Duplexes: 43,095 (4.4%)
Apartments under 5 stories: 162,587 (16.6%)
Apartments 5 stories or more: 397,043 (38.7%)

So more large apartments and single family, but less small apartments.
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Old Posted Mar 3, 2012, 7:08 PM
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^ of course its much less dense than NYC, but single family homes in Chicago are far from being the "main housing type" as you said.
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Old Posted Mar 3, 2012, 7:13 PM
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Quote:
Originally Posted by Segun View Post
Chicago is more similar to Montreal in that regard

http://maps.google.com/?ll=41.939087...94.28,,0,-5.02
That neighbourhood is indeed similar, although I don't think Chicago has as many neighbourhoods like that as Montreal.

Montreal current city / old city

Total: 743,235 / 500,115
Single Family detached: 55,743 (7.5%) / 24,006 (4.8%)
Single Family attached: 46,824 (6.3%) / 28,507 (5.7%)
Duplexes: 109,256 (14.7%) / 64,515 (12.9%)
Apartments under 5 stories: 435,436 (58.6%) / 319,073 (63.8%)
Apartments 5 stories or more: 91,418 (12.3%) / 61,514 (12.3%)

So Montreal has more small apartments than Chicago or Toronto and less single family and large apartments.

Quote:
Originally Posted by Segun View Post
^ of course its much less dense than NYC, but single family homes in Chicago are far from being the "main housing type" as you said.
Fair enough, I guess I confused some of the 2-3 storey apartments for single family homes when looking at Chicago.
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Old Posted Mar 3, 2012, 7:33 PM
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^ Only percentage wise but not in sheer number, there's probably a good 25% of the city that looks like in between the North Lakefront

http://wibiti.com/images/hpmain/019/275019.jpg

and South Lakefront


http://tigger.uic.edu/depts/ahaa/ima...ials3/029.JPEG


or even further west in areas that have that same scale with different buildings....

http://tigger.uic.edu/depts/ahaa/ima...rials4/95.JPEG

Also the American and Canadian census has two different classifications so 20+ units also include thousands of units in large Apartment buildings along with highrises. Buildings such as these: http://www.streetsandsoul.com/roundup/roundup459.jpg can have between 24 to 100+ units.

I wouldn't be surprised if only 15% of Chicagoans actually live in highrises.

Development in Chicago is very ordered. Besides a few exceptions, the density slowly tapers off west from the Lakefront from Highrises to large Apartment buildings to 3-4 flats to 2-flats, finally to the Bungalow Belt.
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Old Posted Mar 3, 2012, 8:59 PM
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Quote:
Originally Posted by Segun View Post
^ Only percentage wise but not in sheer number, there's probably a good 25% of the city that looks like in between the North Lakefront

http://wibiti.com/images/hpmain/019/275019.jpg

and South Lakefront


http://tigger.uic.edu/depts/ahaa/ima...ials3/029.JPEG


or even further west in areas that have that same scale with different buildings....

http://tigger.uic.edu/depts/ahaa/ima...rials4/95.JPEG

Also the American and Canadian census has two different classifications so 20+ units also include thousands of units in large Apartment buildings along with highrises. Buildings such as these: http://www.streetsandsoul.com/roundup/roundup459.jpg can have between 24 to 100+ units.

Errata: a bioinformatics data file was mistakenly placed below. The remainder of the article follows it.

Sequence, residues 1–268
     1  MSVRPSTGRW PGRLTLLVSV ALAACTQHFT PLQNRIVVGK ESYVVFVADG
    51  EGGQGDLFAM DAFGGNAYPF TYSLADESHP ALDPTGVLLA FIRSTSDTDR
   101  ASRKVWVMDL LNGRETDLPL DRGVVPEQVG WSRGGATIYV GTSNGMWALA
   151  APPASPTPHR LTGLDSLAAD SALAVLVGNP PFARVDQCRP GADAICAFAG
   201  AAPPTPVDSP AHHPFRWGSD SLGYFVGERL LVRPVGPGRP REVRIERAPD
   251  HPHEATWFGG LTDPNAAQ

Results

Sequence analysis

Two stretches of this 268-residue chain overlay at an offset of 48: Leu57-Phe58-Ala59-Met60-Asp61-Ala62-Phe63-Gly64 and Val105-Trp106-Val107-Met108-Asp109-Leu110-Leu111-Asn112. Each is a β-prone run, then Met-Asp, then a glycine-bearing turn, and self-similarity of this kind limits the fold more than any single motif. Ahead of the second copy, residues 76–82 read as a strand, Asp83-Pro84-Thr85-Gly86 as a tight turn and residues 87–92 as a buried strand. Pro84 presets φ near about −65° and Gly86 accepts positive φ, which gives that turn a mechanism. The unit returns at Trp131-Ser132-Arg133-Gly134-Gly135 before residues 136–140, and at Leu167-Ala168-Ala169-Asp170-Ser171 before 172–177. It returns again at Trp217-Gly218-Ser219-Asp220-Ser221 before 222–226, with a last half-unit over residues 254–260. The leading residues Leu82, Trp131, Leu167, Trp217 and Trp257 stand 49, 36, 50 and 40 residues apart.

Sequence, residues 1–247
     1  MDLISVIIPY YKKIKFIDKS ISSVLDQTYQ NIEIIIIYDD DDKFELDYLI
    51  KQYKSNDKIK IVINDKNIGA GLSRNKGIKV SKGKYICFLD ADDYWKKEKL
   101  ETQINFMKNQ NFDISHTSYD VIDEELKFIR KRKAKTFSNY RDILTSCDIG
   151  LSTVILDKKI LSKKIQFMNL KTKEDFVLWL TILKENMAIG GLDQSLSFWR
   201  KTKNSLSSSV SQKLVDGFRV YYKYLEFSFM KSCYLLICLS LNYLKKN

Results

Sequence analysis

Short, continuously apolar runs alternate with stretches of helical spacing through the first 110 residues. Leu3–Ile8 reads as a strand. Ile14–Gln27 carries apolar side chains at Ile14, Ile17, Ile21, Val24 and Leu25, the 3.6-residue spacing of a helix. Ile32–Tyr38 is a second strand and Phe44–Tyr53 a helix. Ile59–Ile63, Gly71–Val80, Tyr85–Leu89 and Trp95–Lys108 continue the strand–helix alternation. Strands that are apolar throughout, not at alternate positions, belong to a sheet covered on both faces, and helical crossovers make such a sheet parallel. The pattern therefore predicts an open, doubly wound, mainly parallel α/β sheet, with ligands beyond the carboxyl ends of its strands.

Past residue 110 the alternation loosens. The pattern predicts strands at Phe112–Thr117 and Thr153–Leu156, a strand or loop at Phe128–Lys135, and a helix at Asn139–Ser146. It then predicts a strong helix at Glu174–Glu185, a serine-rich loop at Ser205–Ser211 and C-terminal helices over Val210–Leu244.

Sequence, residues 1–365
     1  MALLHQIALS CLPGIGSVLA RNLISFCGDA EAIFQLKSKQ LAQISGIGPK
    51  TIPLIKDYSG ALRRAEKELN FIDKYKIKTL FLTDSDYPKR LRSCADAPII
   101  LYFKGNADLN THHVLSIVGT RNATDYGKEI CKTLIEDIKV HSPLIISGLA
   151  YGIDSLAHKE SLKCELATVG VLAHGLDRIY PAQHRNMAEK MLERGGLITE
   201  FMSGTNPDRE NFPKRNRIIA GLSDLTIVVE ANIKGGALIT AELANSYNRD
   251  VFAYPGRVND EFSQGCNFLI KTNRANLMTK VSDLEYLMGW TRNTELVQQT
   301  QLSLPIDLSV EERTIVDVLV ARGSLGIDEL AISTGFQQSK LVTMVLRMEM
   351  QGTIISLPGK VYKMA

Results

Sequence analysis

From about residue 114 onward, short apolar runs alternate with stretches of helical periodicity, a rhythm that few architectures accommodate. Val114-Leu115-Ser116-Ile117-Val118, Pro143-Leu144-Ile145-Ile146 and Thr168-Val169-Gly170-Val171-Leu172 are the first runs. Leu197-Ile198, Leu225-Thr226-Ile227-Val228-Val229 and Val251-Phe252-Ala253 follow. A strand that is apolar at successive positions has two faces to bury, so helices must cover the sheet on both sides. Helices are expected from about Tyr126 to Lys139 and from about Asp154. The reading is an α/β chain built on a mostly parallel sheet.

I wouldn't be surprised if only 15% of Chicagoans actually live in highrises.

Development in Chicago is very ordered. Besides a few exceptions, the density slowly tapers off west from the Lakefront from Highrises to large Apartment buildings to 3-4 flats to 2-flats, finally to the Bungalow Belt.
Even in sheer numbers Montreal might have more depending on the exact definition. After all, there are 544,692 people living in lowrise apartment. I was referring mostly to apartments of 2-4 stories that are attached to each other, most of Chicago's apartment buildings seem to have small side-setbacks.

One way of comparing cities would be to add up the population living in census tracts of x density of more. Chicago might beat Montreal in sheer numbers for this but doubtfully in percentages

Total Population of Montreal urban area: 3,447,947

Population above...
100,000 ppsm: 6,762 (0.20%)
75,000 ppsm: 11,311 (0.33%)
50,000 ppsm: 36,338 (1.05%)
40,000 ppsm: 143,623 (4.17%)
30,000 ppsm: 376,068 (10.91%)
25,000 ppsm: 607,555 (17.62%)
20,000 ppsm: 803,131 (23.29%)
15,000 ppsm: 1,187,982 (34.45%)
10,000 ppsm: 1,720,823 (49.91%)
5,000 ppsm: 2,694,186 (78.14%)

And regarding the distribution of housing types in the City of Vancouver (which is includes only a small part of the urban area by Canadian standards)

Total units: 253,385
Single Family detached: 48,397 (19.1%)
Single Family attached: 12,162 (4.8%)
Duplex: 42,822 (16.9%)
Apartments under 5 stories: 88,178 (34.8%)
Apartments 5 stories or more: 61,319 (24.2%)

Last edited by memph; Mar 3, 2012 at 9:19 PM.
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Old Posted Mar 3, 2012, 9:18 PM
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Quote:
Originally Posted by memph View Post
Total Population of Montreal urban area: 3,447,947

Population above...
100,000 ppsm: 6,762 (0.20%)
75,000 ppsm: 11,311 (0.33%)
50,000 ppsm: 36,338 (1.05%)
40,000 ppsm: 143,623 (4.17%)
30,000 ppsm: 376,068 (10.91%)
25,000 ppsm: 607,555 (17.62%)
20,000 ppsm: 803,131 (23.29%)
15,000 ppsm: 1,187,982 (34.45%)
10,000 ppsm: 1,720,823 (49.91%)
5,000 ppsm: 2,694,186 (78.14%)
Comparing to Toronto

Urban area population: 5,178,773

Population above
100,000 ppsm: 35,729 (0.69%)
75,000 ppsm: 63,960 (1.24%)
50,000 ppsm: 173,254 (3.35%)
40,000 ppsm: 251,625 (4.86%)
30,000 ppsm: 404,272 (7.81%)
25,000 ppsm: 583,661 (11.27%)
20,000 ppsm: 993,659 (19.19%)
15,000 ppsm: 1,655,799 (31.97%)
10,000 ppsm: 2,878,493 (55.58%)
5,000 ppsm: 4,407,669 (85.11%)

And Vancouver